For the most part, any businessperson will respond to opportunities that look more lucrative (though whether they’re willing to work toward better, longer-term value, instead of short-term returns, may be an issue). I know this goes much further than the skills and experience of most UX professionals, but if you want the influence you think you deserve, it will require wading into the business side of things. That’s where strategy is set. The most common complaint I hear about interface projects is that the goals are set unhelpfully (or wrong) before the UX team even sees the project brief. That’s because the project is responding to strategy that was likely set with a pale understanding of real customers’ real decision-drivers. Anyone who is on the front-lines working to understand customers in a qualitative way likely has a better understanding of what drives customer decisions than anyone in the marketing department and everyone “in the room” or “at the table” when strategy is set.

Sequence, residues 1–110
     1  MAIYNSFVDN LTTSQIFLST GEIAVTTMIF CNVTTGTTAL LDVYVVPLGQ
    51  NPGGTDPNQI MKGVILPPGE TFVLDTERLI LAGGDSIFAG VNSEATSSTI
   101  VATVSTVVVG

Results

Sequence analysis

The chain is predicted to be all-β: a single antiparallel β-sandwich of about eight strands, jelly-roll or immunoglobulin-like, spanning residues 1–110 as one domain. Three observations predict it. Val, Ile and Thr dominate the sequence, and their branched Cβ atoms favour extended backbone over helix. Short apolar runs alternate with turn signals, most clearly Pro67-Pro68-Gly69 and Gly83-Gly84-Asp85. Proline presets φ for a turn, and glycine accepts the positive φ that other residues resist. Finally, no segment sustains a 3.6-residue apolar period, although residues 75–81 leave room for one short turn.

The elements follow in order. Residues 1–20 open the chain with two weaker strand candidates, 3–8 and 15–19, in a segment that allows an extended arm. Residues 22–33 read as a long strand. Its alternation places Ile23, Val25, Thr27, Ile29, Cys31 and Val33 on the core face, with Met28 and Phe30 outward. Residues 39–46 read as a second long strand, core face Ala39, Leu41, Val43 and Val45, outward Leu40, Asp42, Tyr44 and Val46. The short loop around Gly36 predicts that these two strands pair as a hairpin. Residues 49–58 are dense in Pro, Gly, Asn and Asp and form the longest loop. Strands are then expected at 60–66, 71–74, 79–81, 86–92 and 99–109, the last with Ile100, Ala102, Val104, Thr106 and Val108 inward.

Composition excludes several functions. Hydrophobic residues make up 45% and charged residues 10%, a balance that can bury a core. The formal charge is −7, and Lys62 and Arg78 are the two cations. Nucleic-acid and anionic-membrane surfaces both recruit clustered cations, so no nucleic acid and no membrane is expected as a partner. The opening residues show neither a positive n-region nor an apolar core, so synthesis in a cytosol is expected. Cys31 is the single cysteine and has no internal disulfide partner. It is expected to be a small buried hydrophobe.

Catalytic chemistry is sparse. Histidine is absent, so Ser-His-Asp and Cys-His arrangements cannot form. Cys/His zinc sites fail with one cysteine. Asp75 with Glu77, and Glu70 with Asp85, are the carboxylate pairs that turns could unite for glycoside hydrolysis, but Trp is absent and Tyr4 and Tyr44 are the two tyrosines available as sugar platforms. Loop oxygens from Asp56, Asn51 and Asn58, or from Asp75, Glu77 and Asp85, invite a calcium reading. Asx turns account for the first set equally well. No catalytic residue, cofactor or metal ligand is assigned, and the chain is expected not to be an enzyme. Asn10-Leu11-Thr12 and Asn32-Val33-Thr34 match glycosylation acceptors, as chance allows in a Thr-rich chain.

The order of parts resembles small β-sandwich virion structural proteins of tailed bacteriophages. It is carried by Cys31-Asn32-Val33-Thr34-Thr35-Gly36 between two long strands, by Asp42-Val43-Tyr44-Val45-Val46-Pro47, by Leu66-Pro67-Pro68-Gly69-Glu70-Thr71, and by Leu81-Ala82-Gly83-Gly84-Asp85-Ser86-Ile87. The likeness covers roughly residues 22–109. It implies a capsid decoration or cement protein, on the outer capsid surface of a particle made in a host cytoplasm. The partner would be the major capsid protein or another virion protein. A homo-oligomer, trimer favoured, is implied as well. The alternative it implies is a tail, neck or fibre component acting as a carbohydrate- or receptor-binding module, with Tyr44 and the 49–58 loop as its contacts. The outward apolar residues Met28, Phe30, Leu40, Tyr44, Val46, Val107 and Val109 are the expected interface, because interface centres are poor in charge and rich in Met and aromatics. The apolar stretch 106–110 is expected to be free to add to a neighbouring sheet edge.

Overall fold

In essence, you don’t just need to present a story of better customers. You need to present a story of a better (more lucrative) company after responding to those customers.
Yes, ideally, that’s the job of the marketing department but if they’re like the majority of marketing departments, they’re focused on what they want to tell the market and what their competition is doing, not what customers are trying to tell companies and what they would respond better to.
Suggesting to your organization that it should do things differently is never easy. Suggesting that they get into new businesses and offerings is even more difficult, but if the company purports to care about innovation, this is exactly what has to happen. History is rife with examples of companies that couldn’t evolve into new offerings. Some were felled by inept implementation, some by underestimating the transition, but the worst fail from willful myopia. They simply don’t want to accept that the world may be different than they assume — or want it to be.